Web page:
May Outturn 2023 Article
The Scotch whisky industry is currently in the middle of an era. Quite what that era will be defined or described as won’t become clear for another decade or two. For it is usually with the benefit and experience of hindsight that we can apply such labels. For example, the period that followed the industry’s catastrophic downturn and distillery closures of the mid-1980s came to be defined 10 to 15 years later as the era of the so-called “whisky loch”, due to the huge amount of excess, aged stock sitting around unloved. Similarly, the application of the term “boom” to any era (e.g. the late 1800s was a boom time for whisky sales and distillery construction), usually has relative context because it was followed by a corresponding “bust”. (Such as the Pattison-triggered crash in 1898 that followed the boom).
So how shall the 2010s and early 2020s be looked upon and labelled in years to come? It is clearly a time of tremendous enthusiasm and growth: No less than 31 new distilleries were founded and commenced operations in Scotland between 2010 and 2020. Compare this to the state of play in 1999 when roughly 95 distilleries were operating. The last decade has thus seen 30% growth in the number of whisky distilleries!
Of course, the big change here is not just the number of distilleries, but also their relative scale. At one end of the spectrum, many of the older and long-established distilleries have undergone massive expansion programs, increasing their numbers of mash tuns, washbacks, and stills to greatly increase their output. There are now five distilleries each capable of producing over 12 million litres of alcohol per annum — the two largest of which can each now produce up to 21 million litres. (For comparison, in 2011, the largest malt distillery in Scotland had a capacity of 10.5 million.) At the other end of the spectrum — and where the majority of the newer 31 distilleries sit — there is now a new wave of smaller distilleries, with production capacities varying between 20,000 litres and 400,000 litres. Again, purely for context: Consider that Edradour, the distillery that used to market itself for so many years as the “smallest distillery in Scotland” used to have an annual capacity of 90,000 litres. Today, there are no less than 17 distilleries with smaller production capacities than Edradour! (Although, for full context, Edradour has now increased its output to 240,000 litres).
Hopefully, the message wasn’t lost in the telling of those numbers. There is now, evidently, a market for the smaller, dare I say “craft” distilleries in Scotland, and there are plenty of independent operators, partnerships, and consortiums prepared to back a new venture. The newer distilleries are capitalising on more modern and energy-efficient production methods, and also innovating with brand partnerships and visitor centre offerings that form part of the business model. Incorporating other spirits into the distillery’s production (e.g. gin) has also allowed a new model to flourish. It is a far cry from the consolidation of the 1980s and 1990s when a mere handful of entities owned and controlled the majority of distilleries. Meanwhile, the international growth of the big brand blends (the Johnnie Walkers, Ballantines, Chivas Regals, etc), plus demand for the high-profile single malt brands, is fuelling unprecedented production levels across the board.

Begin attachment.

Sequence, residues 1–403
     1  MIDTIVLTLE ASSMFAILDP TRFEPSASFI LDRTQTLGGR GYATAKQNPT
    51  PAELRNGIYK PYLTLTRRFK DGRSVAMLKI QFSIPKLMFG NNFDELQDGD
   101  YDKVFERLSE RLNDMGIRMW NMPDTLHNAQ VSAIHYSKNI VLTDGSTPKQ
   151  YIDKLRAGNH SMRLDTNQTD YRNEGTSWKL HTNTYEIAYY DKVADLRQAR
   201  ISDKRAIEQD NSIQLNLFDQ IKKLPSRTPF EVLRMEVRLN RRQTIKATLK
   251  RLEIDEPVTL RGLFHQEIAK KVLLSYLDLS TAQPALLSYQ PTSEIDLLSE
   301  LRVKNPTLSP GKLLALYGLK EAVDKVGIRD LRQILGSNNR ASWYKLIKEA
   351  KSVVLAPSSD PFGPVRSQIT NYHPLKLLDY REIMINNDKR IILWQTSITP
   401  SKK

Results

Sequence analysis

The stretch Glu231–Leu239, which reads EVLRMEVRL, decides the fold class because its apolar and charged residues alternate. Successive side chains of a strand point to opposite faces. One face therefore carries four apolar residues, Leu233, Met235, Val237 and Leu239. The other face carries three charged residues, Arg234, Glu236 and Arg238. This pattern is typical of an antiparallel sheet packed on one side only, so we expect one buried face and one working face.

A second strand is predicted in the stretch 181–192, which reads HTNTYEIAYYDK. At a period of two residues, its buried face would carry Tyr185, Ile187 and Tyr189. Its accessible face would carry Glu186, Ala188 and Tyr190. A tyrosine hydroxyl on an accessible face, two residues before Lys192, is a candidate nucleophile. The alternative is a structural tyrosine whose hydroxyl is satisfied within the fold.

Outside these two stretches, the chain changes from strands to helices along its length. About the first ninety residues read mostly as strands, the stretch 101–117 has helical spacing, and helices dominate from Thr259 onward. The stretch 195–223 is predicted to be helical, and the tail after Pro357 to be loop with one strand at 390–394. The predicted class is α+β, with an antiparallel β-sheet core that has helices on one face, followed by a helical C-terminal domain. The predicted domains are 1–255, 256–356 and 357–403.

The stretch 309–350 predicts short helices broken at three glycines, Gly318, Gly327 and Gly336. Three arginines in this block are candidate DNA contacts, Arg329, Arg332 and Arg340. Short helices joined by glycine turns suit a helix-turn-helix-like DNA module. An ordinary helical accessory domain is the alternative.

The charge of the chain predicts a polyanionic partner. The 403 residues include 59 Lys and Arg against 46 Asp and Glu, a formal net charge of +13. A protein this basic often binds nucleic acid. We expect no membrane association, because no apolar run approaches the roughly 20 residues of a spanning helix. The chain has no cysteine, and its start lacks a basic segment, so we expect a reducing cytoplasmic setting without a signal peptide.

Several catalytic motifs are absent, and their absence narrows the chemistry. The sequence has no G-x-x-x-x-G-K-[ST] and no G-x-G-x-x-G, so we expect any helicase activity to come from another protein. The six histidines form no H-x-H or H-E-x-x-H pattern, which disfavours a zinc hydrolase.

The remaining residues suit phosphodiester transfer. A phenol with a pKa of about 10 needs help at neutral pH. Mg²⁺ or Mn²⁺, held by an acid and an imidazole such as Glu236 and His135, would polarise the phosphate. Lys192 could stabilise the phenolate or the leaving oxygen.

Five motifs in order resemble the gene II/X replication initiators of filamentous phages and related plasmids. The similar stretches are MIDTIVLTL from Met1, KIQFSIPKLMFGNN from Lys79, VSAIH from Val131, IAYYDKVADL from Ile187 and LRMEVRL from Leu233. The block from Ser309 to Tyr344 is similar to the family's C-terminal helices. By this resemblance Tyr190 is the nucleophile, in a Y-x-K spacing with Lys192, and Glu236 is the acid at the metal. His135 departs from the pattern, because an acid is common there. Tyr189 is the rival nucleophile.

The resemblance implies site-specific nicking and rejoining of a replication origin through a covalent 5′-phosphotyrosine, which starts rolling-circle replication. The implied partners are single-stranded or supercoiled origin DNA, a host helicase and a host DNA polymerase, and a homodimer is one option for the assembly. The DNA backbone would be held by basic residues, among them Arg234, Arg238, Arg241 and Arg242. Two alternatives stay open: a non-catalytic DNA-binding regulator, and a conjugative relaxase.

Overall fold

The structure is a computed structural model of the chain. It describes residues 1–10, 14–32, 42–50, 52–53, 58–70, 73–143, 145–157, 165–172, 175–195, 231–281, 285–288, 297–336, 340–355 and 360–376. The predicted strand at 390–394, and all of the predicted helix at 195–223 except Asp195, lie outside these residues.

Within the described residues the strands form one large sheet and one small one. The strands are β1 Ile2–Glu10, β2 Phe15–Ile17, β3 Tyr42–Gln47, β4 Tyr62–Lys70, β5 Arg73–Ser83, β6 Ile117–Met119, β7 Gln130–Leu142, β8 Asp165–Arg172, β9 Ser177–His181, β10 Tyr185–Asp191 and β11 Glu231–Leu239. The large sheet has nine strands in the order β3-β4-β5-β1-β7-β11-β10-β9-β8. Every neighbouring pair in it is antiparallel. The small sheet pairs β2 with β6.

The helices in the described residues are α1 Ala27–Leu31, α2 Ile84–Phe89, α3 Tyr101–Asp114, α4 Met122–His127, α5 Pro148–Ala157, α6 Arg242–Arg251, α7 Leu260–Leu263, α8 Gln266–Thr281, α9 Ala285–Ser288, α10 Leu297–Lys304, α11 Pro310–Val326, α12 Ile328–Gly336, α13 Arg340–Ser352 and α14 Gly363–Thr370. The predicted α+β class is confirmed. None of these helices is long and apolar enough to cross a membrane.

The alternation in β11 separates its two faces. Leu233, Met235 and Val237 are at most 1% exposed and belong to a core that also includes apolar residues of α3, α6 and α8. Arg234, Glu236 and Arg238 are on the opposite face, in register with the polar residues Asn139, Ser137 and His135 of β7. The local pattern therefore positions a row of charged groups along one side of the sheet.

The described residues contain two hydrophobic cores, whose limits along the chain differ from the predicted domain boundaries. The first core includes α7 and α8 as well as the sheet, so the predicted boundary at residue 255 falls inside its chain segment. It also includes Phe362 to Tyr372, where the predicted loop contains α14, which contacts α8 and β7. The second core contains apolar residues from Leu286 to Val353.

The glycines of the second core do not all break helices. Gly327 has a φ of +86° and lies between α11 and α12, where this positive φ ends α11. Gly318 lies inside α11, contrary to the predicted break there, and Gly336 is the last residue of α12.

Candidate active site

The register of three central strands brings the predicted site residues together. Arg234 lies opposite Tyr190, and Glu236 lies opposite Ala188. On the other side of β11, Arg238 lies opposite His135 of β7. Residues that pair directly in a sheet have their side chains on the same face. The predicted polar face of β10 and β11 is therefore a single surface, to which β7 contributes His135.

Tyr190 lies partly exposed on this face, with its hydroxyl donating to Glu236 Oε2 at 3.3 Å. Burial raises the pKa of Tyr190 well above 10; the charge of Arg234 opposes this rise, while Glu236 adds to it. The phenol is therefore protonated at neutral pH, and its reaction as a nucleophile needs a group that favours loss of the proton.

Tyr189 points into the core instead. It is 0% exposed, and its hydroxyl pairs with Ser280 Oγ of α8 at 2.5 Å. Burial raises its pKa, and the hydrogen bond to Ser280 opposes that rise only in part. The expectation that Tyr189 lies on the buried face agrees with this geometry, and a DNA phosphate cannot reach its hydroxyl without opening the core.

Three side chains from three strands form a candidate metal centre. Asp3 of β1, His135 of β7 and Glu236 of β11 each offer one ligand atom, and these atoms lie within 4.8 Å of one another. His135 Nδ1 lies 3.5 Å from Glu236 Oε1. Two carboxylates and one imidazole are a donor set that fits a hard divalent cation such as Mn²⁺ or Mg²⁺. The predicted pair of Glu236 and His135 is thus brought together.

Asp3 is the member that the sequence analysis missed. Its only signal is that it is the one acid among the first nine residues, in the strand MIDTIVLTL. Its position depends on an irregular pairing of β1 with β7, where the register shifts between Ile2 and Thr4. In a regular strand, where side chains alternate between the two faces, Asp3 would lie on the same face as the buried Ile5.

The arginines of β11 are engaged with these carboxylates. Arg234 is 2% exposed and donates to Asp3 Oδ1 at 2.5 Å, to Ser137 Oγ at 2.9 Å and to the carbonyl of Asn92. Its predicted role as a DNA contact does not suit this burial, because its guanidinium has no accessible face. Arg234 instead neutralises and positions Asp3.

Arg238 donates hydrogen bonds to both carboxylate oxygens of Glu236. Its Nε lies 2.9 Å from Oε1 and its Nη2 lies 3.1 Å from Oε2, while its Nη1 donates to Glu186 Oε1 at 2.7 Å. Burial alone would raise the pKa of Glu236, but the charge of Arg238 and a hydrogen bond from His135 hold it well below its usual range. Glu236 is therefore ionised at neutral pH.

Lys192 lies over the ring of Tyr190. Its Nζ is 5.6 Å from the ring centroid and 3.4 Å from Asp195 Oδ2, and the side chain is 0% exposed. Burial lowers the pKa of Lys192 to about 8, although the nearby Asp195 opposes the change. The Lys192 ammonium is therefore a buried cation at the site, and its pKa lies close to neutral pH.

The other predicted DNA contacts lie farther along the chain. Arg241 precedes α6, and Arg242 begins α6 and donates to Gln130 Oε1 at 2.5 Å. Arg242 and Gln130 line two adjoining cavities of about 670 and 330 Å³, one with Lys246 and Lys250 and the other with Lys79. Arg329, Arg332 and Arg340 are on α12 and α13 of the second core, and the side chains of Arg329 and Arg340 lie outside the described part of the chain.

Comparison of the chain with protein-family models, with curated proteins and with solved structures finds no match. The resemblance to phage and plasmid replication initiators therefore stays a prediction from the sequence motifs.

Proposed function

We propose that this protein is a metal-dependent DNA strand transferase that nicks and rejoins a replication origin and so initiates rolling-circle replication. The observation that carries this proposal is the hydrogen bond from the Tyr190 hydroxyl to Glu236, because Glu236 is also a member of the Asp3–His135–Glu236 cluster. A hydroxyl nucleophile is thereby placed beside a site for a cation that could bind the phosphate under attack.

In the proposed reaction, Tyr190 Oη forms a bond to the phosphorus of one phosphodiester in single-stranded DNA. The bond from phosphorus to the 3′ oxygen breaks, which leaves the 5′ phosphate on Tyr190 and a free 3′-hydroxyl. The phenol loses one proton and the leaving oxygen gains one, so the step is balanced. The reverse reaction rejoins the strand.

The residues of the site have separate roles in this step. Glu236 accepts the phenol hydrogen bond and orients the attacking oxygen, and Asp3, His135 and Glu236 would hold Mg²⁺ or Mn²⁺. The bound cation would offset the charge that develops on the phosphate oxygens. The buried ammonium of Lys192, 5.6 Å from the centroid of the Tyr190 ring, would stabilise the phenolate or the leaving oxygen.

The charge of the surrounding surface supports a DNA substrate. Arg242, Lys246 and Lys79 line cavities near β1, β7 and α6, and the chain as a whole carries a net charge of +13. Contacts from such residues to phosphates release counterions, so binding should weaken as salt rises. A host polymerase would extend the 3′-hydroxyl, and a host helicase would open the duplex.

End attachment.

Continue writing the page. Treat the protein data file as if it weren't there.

Where will all this lead to? Historically, previous experience tells us that a “bust” is on the way…it’s been the circle (or cycle?) of life for Scotch for 200 years. However, we’ve been saying a bust is on the way for over 10 years now, and yet there are no signs of slowing. Global thirst for the product continues to increase; new markets continue to open up; and a general affluence across consumerville means plenty of people are splashing out and expanding their whisky purchases. Note also that this is not limited to Scotch whisky – similar growth and expansion is evident in the Irish whiskey industry, as well as in North-American brown spirits. Witness also the explosion in the number of Australian distilleries to have been founded in the last five to eight years. Your Society has also been intrinsically enveloped in all this growth – there has been significant investment in the last five years to secure stock and lay down new fillings to sustain our membership’s needs well into the future.
How long will it last? Well, your crystal ball is as good as mine, and it seems neither the optimists nor the pessimists can point to anything concrete. Even if you take the glass half-empty position….a half Society tasting glass is still a generous dram!
This article is featured in May 2023 Outturn — bottles will be available to purchase on Friday the 5th of May at midday AEST exclusively to members of The Scotch Malt Whisky Society. Not a member? Click here to learn more about the world’s most colourful whisky club.